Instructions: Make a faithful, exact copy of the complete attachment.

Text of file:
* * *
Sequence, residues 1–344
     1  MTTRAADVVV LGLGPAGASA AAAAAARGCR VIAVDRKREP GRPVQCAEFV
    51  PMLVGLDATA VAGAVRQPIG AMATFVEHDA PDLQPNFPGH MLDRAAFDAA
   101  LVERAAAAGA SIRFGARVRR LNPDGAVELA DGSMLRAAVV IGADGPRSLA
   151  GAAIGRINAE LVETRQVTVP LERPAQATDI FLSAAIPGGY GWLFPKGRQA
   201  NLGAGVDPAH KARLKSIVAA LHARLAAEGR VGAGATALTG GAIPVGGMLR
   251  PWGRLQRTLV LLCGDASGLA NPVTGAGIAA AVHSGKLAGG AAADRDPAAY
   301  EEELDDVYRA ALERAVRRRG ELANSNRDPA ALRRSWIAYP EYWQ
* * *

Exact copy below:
Sequence, residues 1–344
     1  MTTRAADVVV LGLGPAGASA AAAAAARGCR VIAVDRKREP GRPVQCAEFV
    51  PMLVGLDATA VAGAVRQPIG AMATFVEHDA PDLQPNFPGH MLDRAAFDAA
   101  LVERAAAAGA SIRFGARVRR LNPDGAVELA DGSMLRAAVV IGADGPRSLA
   151  GAAIGRINAE LVETRQVTVP LERPAQATDI FLSAAIPGGY GWLFPKGRQA
   201  NLGAGVDPAH KARLKSIVAA LHARLAAEGR VGAGATALTG GAIPVGGMLR
   251  PWGRLQRTLV LLCGDASGLA NPVTGAGIAA AVHSGKLAGG AAADRDPAAY
   301  EEELDDVYRA ALERAVRRRG ELANSNRDPA ALRRSWIAYP EYWQ